If you are filing for bankruptcy when is it the best time to move out of your house after a bankruptcy?

  1. When you know you can’t afford it?
  2. When you fall three months behind?
  3. When the bank tells you your house will go to foreclosure?
  4. Right before you file bankruptcy? 5. Right after you file bankruptcy?
  5. None of the above.

The answer is none of the above. Leaving the house before you have to, can be a very expensive mistake. Especially if you have a home owner or condo association. This is a common bankruptcy questions. When you move out-even if you file bankruptcy-you still own the house. You are responsible. You are responsible if there’s an accident. You are responsible for zoning. You are responsible for paying the association. You are responsible until your name is not on the tittle. Those after bankruptcy association payments are after bankruptcy debts. That means, they are your responsability.

I’m seeing people who stoped paying and filed bankruptcy; and four months later the bank has foreclosed them. I’m also seeing people who stopped paying and filed bankruptcy in 2009 and the bank still has not foreclosed. If you are still residing there, two years for free (except for the association) is a good thing. If you move out and pay rent somewhere, two years of still paying that home owner association-that’s a real headache.

When people talk to me about filing bankruptcy and giving up the house, I tell them, don’t move out! If you have already moved out, rent it! Before therecent economic crisis mortgage companies were quick to foreclose. Five months after you stopped paying, you were foreclosed. In the sixth month, if you hadn’t moved out, you would be evicted. Filing bankruptcy right before the foreclosure would get you three more months, but that’s all. This still happens but a lot of times it doesn’t.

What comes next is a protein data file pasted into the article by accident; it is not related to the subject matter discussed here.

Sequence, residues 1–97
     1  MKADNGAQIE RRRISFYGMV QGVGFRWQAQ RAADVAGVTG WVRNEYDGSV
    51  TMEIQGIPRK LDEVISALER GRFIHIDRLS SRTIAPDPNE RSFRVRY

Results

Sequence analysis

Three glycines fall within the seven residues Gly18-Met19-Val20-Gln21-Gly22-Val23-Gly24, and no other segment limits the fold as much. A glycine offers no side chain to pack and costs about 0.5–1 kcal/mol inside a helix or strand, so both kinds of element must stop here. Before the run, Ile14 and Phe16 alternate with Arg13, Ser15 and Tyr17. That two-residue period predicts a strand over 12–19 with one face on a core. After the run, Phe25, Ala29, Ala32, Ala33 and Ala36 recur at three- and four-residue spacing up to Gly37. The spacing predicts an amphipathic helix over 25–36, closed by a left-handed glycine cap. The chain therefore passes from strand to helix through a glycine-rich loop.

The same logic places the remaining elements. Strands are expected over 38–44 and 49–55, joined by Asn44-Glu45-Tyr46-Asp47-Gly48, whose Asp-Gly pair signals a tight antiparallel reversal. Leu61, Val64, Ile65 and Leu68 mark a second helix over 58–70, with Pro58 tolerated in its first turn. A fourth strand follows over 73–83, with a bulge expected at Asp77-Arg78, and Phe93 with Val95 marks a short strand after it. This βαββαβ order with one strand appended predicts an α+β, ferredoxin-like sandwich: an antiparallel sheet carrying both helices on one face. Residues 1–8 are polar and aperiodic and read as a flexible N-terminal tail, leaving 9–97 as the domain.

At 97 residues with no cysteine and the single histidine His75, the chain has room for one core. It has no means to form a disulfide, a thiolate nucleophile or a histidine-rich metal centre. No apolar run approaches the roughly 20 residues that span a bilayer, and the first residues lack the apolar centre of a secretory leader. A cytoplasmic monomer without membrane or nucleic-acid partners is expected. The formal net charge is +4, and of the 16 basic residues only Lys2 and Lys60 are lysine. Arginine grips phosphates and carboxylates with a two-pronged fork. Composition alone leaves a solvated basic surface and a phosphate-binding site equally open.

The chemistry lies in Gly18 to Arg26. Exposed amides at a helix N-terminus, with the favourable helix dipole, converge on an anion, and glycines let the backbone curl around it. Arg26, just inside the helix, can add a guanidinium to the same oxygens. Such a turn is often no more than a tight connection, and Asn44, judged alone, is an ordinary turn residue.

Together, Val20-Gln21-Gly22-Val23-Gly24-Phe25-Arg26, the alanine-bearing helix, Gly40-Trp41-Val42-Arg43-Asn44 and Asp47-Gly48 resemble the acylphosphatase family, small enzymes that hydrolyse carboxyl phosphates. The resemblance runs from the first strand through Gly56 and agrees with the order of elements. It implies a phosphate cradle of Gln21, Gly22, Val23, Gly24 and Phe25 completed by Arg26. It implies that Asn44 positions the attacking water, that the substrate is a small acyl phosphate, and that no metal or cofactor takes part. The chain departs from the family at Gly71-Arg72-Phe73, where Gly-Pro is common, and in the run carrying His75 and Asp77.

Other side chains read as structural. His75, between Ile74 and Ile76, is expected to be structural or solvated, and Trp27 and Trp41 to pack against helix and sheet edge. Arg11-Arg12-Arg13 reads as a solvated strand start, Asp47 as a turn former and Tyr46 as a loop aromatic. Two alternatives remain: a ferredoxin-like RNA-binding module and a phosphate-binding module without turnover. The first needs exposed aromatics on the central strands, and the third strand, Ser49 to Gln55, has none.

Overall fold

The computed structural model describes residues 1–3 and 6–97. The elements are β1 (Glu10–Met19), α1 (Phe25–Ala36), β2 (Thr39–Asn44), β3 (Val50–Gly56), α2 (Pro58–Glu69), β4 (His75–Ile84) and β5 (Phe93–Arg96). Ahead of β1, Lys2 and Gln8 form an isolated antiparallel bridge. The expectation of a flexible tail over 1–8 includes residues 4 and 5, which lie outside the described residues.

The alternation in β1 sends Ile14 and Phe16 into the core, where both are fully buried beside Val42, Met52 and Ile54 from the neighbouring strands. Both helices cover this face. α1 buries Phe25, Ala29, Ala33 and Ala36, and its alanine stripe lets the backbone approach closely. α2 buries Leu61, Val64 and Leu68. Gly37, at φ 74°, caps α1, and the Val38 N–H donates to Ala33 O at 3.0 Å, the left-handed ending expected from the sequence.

There’s no way to see the future when the foreclosure will happen. Some of the reasons foreclosures are slow have been in the news. The whole loan modification thing paperwork problems the fact that the foreclosure lawyers can’t keep up with the volume. Some delay is just an investment decision by the mortgage companies. Suppose there are thirty houses in a little neighborhood and ten of those had mortgages with a bank I’ll call Big Bank. Two of those ten have already filed bankruptcy and gone to foreclosure. Big Bank fixed one up and sold it; the other is sitting empty. Seven are current; and the last one is yours-you just filed bankruptcy and you are five months behind. You and your eight neighbors owe $225,000 on the mortgage and the last house Galaxy fixed up and actually sold went for $110,000. The best offer they have on the one sitting empty was $101,000 and they figure if they have to sell your house too they’d be lucky to get $95,000. Well, $95,000 is better than nothing, right? Not necessarily. Big Bank is worried about your seven neighbors who are still paying. Those families ask themselves, every month or maybe every week, why are we still paying a $225,000 mortgage on a $110,000 house? When your house sells for $95,000, Big Bank figures one of your seven neighbors will say, that’s it! That neighbor stops paying, files bankruptcy, and now they have another house on their hands.

Big Bank would rather have you sit in your house, for a while, then tell everyone in the neighborhood that the houses they thought were worth $110,000 have now dropped down to $95,000. Now I said at the beginning, you should not move out until there has been a foreclosure. As your bankruptcy lawyer, that’s easy for me to say; it’s harder for you to do. Because you need to have a place to live lined up. But if you panic and move out before you have to, you could end up paying the association on an empty house for another six months or a year.